“Detectives Landry and—” Luther Hodge seemed to realize no one was paying attention to him anymore. He looked up from the roll sheet and stared at the visitor for a few seconds before saying, “Mr. Treadwell, we can talk in my office.” He told the squad, “I’ll be a few minutes. If someone could take over?”
Butch jumped up. “I’ll handle it.”
“Thank you, Detective.” Hodge seemed to miss the wary expressions around the room. Putting Butch in charge of the schedule was like putting a fox in charge of the henhouse. He would change the assignments into his own version of
The Dating Game
Hodge made his way back to the rear of the room, angling his lanky frame through the narrow dividing line. The lawyer, Treadwell, followed along the outside wall. He lit a cigarette as he walked into the office and shut the door.
Evelyn asked, “Wonder what that’s about?”
“Never mind them,” Vanessa said. “Why on earth did you come back?”
“I like it here.”
Vanessa pulled a face. “Come on, kid. The truth.”
“The truth is really boring. Let’s wait to see what the rumors say.” Evelyn smiled, then unzipped her purse and searched around inside.
Vanessa looked to Amanda for an explanation, but she could only shake her head.
“Yassuh, yassuh,” someone said.
Amanda saw a group of black patrolmen had taken it upon themselves to narrate the goings-on in Hodge’s office. Amanda glanced at Evelyn, then Vanessa. They all turned around for the full effect.
Behind the glass partition, Treadwell’s mouth moved, and one of the black cops said in a pompous voice, “Now, see here, boy, my taxes pay your salary.”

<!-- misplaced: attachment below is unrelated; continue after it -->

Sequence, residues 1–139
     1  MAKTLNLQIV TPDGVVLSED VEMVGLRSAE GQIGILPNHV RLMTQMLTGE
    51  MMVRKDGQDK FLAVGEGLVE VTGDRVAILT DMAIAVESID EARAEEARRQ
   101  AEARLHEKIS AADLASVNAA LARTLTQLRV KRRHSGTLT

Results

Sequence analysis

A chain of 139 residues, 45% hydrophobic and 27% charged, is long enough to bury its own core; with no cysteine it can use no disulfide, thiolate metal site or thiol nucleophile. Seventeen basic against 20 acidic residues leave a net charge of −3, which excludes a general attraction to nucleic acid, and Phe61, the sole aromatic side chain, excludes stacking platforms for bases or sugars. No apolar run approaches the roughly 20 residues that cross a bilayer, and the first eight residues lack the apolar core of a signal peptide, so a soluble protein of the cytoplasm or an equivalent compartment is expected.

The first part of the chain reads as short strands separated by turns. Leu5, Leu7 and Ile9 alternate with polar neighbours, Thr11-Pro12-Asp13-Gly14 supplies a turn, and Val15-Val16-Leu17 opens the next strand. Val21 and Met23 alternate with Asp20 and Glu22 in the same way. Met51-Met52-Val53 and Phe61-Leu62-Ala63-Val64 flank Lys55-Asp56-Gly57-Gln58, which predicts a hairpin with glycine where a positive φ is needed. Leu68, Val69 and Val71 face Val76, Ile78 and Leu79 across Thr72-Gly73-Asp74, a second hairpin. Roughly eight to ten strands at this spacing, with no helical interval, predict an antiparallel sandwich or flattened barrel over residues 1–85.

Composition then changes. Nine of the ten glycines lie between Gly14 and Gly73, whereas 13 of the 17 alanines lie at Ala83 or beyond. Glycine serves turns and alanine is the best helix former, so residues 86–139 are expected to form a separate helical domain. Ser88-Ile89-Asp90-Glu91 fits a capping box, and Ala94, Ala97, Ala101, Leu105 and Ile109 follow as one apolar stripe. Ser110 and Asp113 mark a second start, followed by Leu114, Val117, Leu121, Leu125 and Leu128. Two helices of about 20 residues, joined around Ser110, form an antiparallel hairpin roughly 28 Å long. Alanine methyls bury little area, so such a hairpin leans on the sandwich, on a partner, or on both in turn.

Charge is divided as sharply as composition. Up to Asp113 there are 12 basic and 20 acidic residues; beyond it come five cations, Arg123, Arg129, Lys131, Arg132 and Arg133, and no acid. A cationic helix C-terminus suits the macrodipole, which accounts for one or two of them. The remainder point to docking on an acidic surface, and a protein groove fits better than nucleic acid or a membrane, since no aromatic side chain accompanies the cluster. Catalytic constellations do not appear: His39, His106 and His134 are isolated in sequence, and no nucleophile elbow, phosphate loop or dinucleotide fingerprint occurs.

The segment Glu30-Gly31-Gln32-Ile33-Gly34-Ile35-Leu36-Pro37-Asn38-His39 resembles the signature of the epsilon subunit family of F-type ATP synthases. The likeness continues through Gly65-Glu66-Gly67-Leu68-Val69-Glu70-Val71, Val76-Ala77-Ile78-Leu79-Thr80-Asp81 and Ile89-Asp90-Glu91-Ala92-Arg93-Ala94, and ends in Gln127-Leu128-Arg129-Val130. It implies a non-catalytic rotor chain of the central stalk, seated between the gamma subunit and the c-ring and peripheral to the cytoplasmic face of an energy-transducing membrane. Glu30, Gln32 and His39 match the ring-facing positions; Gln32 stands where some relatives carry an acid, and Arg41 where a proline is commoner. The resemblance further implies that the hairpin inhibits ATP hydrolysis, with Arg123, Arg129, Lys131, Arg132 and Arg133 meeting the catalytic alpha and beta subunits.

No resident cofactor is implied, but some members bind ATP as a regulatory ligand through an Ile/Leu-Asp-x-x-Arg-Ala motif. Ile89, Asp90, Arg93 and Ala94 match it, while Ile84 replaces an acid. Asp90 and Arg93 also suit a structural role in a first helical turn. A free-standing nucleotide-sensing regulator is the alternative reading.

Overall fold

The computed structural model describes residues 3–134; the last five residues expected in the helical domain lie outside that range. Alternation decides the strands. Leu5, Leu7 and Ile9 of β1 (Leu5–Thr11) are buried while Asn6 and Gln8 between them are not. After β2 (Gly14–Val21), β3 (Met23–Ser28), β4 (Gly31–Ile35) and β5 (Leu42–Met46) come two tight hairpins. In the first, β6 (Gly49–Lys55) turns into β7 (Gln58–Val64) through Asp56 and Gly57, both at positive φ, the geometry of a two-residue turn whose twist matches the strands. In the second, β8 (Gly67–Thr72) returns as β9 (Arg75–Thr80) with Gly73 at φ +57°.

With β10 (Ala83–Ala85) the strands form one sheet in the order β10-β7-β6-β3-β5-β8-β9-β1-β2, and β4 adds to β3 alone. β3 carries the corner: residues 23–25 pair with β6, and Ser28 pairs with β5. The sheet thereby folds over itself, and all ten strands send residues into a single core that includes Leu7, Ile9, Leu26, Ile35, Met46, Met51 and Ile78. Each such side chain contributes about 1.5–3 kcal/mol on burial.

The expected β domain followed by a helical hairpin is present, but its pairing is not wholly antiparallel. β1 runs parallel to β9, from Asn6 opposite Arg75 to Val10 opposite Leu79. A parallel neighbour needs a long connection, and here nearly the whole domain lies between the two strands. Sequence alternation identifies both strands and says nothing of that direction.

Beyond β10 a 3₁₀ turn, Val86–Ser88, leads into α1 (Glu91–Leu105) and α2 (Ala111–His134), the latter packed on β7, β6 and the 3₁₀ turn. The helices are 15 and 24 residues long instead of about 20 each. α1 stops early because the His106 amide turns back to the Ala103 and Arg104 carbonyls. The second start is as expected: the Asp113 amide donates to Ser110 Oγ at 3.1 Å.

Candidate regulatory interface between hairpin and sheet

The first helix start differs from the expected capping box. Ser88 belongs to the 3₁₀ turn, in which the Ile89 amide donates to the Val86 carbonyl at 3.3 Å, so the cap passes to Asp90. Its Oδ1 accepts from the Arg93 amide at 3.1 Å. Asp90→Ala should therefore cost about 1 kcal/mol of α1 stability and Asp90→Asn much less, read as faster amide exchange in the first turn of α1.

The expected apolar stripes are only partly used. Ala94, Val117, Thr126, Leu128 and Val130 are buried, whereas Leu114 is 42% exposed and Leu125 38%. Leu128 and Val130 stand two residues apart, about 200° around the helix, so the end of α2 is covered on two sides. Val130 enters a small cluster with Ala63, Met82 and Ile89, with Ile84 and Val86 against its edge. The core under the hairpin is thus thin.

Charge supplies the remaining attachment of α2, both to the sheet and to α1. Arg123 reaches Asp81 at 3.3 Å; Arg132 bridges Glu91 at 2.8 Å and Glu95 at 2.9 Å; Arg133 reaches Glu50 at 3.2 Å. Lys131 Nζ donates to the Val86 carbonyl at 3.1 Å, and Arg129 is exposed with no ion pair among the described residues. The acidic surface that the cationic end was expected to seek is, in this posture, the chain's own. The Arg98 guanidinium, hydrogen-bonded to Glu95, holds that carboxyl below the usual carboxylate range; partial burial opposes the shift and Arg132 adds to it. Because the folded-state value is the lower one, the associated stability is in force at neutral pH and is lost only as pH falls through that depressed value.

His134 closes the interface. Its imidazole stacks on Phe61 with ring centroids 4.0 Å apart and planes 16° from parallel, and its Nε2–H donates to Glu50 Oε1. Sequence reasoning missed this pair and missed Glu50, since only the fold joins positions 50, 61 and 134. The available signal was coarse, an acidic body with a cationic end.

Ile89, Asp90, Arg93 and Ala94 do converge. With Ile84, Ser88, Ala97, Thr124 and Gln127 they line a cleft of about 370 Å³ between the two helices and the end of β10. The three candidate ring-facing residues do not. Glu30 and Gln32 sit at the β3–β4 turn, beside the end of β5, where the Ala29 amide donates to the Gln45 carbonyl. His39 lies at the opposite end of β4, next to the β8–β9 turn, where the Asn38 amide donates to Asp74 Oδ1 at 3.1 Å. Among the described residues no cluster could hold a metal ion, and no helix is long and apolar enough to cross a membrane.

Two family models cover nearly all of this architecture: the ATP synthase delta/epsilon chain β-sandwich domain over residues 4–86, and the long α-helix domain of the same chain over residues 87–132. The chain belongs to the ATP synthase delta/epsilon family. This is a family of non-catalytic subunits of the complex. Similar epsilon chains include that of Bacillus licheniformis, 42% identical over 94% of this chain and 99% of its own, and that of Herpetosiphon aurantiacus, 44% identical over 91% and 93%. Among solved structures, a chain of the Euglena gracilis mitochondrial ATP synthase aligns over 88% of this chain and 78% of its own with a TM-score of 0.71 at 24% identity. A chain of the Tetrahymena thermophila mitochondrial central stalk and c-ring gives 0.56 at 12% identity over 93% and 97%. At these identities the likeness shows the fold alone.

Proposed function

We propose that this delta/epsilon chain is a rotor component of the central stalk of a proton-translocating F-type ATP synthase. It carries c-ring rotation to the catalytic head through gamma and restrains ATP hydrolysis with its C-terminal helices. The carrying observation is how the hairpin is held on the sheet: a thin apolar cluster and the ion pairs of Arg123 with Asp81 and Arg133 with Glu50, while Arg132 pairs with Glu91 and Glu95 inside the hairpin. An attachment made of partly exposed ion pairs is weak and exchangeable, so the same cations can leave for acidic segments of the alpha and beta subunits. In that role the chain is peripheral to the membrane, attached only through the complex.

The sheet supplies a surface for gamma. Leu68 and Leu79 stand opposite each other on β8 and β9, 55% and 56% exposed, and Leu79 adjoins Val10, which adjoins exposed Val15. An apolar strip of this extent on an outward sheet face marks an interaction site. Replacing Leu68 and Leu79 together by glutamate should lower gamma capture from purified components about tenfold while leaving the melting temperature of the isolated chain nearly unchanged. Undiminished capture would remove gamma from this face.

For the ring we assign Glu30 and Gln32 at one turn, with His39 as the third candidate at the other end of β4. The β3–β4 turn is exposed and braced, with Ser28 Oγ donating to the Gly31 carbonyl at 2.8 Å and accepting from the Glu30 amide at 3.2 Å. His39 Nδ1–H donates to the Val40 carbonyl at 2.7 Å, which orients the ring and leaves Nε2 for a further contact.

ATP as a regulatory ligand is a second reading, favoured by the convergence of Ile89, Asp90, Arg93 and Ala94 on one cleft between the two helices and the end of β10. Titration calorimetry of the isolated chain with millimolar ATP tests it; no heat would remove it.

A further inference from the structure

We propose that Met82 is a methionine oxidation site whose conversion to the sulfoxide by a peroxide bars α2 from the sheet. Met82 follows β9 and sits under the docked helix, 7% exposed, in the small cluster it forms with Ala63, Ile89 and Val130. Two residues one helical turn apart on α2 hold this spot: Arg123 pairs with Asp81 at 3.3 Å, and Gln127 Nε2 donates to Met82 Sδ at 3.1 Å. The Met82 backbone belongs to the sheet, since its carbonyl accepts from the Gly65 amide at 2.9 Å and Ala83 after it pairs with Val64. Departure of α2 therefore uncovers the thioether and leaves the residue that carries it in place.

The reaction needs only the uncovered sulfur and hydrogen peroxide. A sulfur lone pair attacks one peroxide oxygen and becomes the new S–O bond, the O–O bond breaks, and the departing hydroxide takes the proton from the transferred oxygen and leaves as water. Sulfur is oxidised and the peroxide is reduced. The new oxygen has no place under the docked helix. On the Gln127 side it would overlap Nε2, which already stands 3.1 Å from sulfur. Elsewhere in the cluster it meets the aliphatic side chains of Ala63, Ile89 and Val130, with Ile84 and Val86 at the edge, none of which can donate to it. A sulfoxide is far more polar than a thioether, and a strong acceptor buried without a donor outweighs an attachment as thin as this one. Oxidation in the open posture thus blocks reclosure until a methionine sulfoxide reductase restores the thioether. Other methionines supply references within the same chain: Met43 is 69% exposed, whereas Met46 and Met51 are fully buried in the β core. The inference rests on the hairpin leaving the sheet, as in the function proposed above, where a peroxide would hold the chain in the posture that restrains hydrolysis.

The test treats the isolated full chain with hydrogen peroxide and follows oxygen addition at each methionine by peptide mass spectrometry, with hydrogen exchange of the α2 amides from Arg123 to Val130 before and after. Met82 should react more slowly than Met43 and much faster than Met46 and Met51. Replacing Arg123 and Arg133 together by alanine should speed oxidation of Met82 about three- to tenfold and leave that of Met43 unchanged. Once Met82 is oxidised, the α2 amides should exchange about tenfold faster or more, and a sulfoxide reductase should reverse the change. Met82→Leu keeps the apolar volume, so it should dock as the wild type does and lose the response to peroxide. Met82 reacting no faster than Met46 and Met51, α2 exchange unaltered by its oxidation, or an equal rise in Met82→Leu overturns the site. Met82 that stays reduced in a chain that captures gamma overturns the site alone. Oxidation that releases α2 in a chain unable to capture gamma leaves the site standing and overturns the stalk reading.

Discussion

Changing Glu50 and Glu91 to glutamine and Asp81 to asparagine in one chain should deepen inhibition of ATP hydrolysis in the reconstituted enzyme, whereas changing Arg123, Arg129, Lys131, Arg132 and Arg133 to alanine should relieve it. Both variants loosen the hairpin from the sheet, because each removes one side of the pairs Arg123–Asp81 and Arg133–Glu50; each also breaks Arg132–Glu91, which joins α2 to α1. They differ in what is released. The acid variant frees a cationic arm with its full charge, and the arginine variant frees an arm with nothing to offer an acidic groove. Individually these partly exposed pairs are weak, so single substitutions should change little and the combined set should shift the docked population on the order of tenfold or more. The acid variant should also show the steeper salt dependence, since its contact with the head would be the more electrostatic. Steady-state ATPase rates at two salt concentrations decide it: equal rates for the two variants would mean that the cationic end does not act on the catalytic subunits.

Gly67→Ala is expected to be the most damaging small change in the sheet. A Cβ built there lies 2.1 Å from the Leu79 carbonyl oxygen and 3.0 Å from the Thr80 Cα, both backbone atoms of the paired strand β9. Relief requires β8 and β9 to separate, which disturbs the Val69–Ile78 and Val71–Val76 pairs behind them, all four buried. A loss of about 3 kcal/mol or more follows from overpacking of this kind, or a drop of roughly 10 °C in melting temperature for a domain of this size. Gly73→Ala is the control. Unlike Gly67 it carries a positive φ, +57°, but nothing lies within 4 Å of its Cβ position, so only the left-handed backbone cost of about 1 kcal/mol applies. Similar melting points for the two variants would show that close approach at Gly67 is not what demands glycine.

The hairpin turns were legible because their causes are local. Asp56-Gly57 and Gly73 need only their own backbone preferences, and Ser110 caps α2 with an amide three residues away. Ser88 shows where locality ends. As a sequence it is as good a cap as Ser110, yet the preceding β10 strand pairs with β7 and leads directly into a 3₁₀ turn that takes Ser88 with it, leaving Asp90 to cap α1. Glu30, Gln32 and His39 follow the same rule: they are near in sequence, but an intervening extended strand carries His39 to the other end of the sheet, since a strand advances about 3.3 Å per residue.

Amanda stifled a laugh. She heard this same phrase almost every day—as if Amanda’s taxes didn’t pay just as much of her salary as the next person’s.
Hodge was looking down at his desk. There was a meekness to the slump in his shoulders as his mouth moved. “Yassuh,” the first cop supplied. “I’s’a gone look into it fo ya, suh. Yes indeedy-do.”
Treadwell jabbed a finger at Hodge. The second cop grumbled, “This city is a mess, I say. What’s the world coming to? The monkeys are running the zoo!”
Hodge nodded, his eyes still trained downward. The first cop offered, “Yassuh, it sho do be a mess. Cain’t even eat my cone-bread without hearing ’bout thems po’ white women what’s gettin’ harassed by Negro men.”
Amanda chewed her bottom lip. There were a few nervous titters.
Treadwell’s hand dropped. The second cop said, “I say, you damn niggers act like you own the place!”
No one laughed at that, not even the black officers. The joke had gone too far.
When Treadwell threw open the office door and stormed out, the room remained stiflingly silent.
Luther Hodge was a study in contained fury as he walked to the open door. He pointed at Evelyn. “You.” His finger jabbed in Amanda and Vanessa’s general direction. “And you. In my office.”